Server Setup

Putting SSH users to chroot via JailKit

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Root privileges allow you to do many things on a virtual private or dedicate server. However, there are times when you want to grant access to some users you don’t trust. Then it makes sense to create chroot-ed environment. Another reason for making chroot environment is selling off resources on dedicated servers, effectively turning it into “shared”. Chroot can be achieved by using special utilities like Jailkit. Another approach to do the same is via virtualization.

Install JailKit

JailKit is not available with standard repositories. You have to install it manually.
Fetch the source files from download page. Then refer to our tutorial on compiling software in Linux to install it.

Alternatively, use these sample commands to install the latest version as of this writing:

cd /usr/local/src
wget http://olivier.sessink.nl/jailkit/jailkit-2.19.tar.gz
tar zxvf jailkit-2.19.tar.gz
cd jailkit-2.19
./configure && make && make install
rm -rf /usr/local/src/jailkit-2.19.tar.gz

Jailkit Chroot

This is variation of the tutorial available at JailKit website with a few changes:

# create and initialize jail
mkdir -p /opt/jails/username
chown root:root /opt/jails/username
jk_init -v -j /opt/jails/username basicshell editors extendedshell netutils ssh sftp scp jk_lsh
# make tmp directory inside jail
mkdir /opt/jails/username/tmp
chmod a+rwx /opt/jails/username/tmp

Setup current SSH user into jail

Stop all the processes that are owned by user that will be jailed, i.e. stop PHP-FPM pools owned by jailed user.

jk_jailuser -m -j /opt/jails/username username

Edit /opt/jails/username/etc/passwd and adjust the shell to be /bin/bash, like so:

username:x:1016:1016::/home/username:/bin/bash

Now we need to allow the user to execute the scp and sftp programs. Edit the /opt/jails/username/etc/jailkit/jk_lsh.ini file and add in some lines like so:

[username]
paths= /usr/bin, /usr/lib/
executables= /usr/bin/scp, /usr/lib/sftp-server, /usr/lib/openssh/sftp-server, /usr/libexec/sftp-server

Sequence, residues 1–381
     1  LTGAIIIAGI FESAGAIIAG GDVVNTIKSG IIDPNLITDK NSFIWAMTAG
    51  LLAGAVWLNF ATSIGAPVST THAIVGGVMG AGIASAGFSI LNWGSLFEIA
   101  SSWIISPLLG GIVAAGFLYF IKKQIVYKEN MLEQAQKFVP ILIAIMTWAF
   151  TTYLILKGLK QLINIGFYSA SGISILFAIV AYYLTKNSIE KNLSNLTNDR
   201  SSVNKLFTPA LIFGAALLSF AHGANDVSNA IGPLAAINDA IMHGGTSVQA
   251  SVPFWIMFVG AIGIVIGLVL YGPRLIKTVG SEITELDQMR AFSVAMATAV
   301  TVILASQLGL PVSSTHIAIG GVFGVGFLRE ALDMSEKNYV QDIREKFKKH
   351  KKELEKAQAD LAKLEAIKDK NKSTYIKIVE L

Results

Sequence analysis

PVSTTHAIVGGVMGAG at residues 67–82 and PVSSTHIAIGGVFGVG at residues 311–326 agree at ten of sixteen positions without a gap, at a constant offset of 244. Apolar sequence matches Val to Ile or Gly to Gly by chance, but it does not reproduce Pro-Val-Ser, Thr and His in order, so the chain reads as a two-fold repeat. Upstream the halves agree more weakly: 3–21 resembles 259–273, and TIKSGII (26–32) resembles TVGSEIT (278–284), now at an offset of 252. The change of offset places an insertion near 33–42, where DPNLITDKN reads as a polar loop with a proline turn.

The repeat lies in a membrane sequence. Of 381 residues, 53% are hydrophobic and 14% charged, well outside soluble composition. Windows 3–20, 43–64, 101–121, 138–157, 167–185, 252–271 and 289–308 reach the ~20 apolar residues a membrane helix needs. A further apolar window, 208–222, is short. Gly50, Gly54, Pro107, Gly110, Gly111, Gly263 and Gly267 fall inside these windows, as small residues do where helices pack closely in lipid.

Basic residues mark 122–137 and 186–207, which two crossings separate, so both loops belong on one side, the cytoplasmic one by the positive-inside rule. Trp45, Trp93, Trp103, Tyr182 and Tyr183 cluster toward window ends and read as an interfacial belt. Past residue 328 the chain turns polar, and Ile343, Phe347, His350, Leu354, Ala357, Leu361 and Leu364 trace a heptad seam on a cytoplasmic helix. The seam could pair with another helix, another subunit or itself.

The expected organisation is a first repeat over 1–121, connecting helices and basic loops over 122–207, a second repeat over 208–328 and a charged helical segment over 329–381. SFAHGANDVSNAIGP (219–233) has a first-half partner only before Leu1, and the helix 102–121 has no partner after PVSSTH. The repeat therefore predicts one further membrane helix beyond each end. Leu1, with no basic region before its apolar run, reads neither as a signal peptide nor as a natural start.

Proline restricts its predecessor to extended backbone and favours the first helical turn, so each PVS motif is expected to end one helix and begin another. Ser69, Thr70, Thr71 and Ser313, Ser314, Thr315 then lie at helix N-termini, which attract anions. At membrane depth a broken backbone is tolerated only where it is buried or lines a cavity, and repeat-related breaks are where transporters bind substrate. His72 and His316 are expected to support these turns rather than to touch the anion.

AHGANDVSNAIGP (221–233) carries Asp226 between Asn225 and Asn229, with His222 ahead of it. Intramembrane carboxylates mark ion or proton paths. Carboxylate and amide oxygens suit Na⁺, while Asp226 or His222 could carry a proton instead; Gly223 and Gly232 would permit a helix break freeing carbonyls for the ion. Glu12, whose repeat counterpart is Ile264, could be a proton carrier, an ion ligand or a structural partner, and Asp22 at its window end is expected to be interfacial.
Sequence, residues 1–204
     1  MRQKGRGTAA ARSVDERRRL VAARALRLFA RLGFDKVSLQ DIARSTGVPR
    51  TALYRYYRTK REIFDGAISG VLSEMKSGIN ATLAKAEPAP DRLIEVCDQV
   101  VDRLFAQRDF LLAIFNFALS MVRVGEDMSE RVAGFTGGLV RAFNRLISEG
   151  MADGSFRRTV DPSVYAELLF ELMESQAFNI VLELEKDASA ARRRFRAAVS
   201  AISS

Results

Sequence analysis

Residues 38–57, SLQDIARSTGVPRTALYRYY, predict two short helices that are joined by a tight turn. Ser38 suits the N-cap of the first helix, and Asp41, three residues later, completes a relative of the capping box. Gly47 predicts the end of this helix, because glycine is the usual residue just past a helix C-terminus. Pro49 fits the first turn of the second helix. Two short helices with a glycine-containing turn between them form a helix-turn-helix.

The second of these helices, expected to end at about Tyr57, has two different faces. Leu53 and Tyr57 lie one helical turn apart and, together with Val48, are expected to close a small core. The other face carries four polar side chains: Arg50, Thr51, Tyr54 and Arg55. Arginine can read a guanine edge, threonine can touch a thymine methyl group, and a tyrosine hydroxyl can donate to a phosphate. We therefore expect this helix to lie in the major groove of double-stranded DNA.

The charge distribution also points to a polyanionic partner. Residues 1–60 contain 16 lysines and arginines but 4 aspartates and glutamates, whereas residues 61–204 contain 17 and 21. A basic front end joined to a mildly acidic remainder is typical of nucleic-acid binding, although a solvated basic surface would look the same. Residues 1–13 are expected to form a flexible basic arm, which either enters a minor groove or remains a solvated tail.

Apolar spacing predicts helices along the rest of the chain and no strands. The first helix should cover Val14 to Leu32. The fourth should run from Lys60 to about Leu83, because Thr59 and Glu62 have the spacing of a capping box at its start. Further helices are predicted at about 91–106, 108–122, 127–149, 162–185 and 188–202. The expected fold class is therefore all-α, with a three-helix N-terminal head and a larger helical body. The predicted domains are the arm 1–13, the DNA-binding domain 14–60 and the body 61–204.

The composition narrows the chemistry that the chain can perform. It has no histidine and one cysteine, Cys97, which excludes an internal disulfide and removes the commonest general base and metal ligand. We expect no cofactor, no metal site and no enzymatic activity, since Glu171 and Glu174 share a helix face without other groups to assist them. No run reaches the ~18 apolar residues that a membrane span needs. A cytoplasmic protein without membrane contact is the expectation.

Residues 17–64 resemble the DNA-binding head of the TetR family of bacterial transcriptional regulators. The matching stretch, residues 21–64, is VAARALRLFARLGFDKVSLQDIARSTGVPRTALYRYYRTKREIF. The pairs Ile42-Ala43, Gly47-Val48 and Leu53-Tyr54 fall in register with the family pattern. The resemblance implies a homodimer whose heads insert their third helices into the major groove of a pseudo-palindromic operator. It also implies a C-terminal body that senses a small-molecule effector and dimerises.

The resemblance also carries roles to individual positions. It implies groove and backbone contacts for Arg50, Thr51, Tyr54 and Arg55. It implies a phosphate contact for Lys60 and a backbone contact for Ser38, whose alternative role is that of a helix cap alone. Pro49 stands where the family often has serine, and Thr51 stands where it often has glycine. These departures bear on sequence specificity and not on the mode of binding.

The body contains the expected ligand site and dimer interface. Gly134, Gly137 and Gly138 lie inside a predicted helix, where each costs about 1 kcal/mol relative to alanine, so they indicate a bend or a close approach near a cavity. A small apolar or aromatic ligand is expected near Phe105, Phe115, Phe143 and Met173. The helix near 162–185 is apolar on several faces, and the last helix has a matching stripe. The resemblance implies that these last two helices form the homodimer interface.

Copy programs into jail

The created jail environment is limited to a few basic programs that we specificed during initialization. You can copy binaries into the jail environment using jk_cp command. Let’s demonstrate how to use it. We will copy groups program into the jail.

sudo jk_cp /opt/jails/username /usr/bin/groups

This will also solve a warning that you might get when SSH login with the jailed user.

Copy PHP inside jail

Often times user wants to SSH into their account and run some PHP scripts. We have to add all the binaries into their environment by making a copy.

This command will copy currently installed PHP into a jail:

sudo jk_cp /opt/jails/username /usr/bin/php

If you need, copy all other wanted binaries via similar command:

sudo jk_cp /opt/jails/username /path/to/command

Make all PHP extensions available in jail environment

These are example commands for Ubuntu. You have to copy all the .ini files and all library files where extensions are located:

sudo jk_cp /opt/jails/username /etc/php5
jk_cp /opt/jails/username /usr/lib/php5

Put MySQL socket file into Jail

Finally, you may want to add MySQL socket file over to the jail. Since it is created dynamically, you have to make use of rc.local startup file and wait for MySQL server to start:

nano /etc/rc.local

put the following lines:

sleep 60
mkdir -p /opt/jails/username/var/run/mysqld
mount --bind /var/run/mysqld /opt/jails/username/var/run/mysqld

Save the file and make sure rc.local is executable by running chmod +x /etc/rc.local

Make timezone definitions available to PHP inside chroot

This will create symlinks to timezone definitions inside jails:

jk_cp -k -j /opt/jails/username /usr/share/zoneinfo

Update PHP in jail environment

jk_update -j /opt/jails/username

Make ps and expr available inside chroot

sudo jk_cp /opt/jails/username /bin/ps
sudo jk_cp /opt/jails/username /usr/bin/expr
mkdir /opt/jails/username/proc
mount -t proc proc /opt/jails/username/proc

Give the jailed user access to some site files

Suppose that we are running a site with proper setup: it has a dedicated site user on the system, Apache (or Nginx) is member of the site user’s group. Thus the web server can read the site files. Everything is perfect.

Now we want to share the access to the site but we don’t want to do it directly for some reason, or we want them to access just a single directory of the site. Common example here would be having a WordPress site, and we want to grant a developer access to edit theme files only.

For that, we can use our jailed user and bind the site directory into jail. The jailed user will be able to see the site directory and it will be mounted as if they are the owner of the files. Let’s do it.

sudo apt-get install bindfs # this will install required kernel modules
mkdir /opt/jails/username/home/username/themename # create the directory inside jailed user's home 
sudo bindfs -u username -g username --create-for-user=siteuser --create-for-group=siteuser --create-with-perms=777 /var/www/html/wp-content/themes/themename /opt/jails/username/home/username/themename

Now the jailed user can connect via SFTP and edit the live site theme files. They will not be able to edit anything else on the site.

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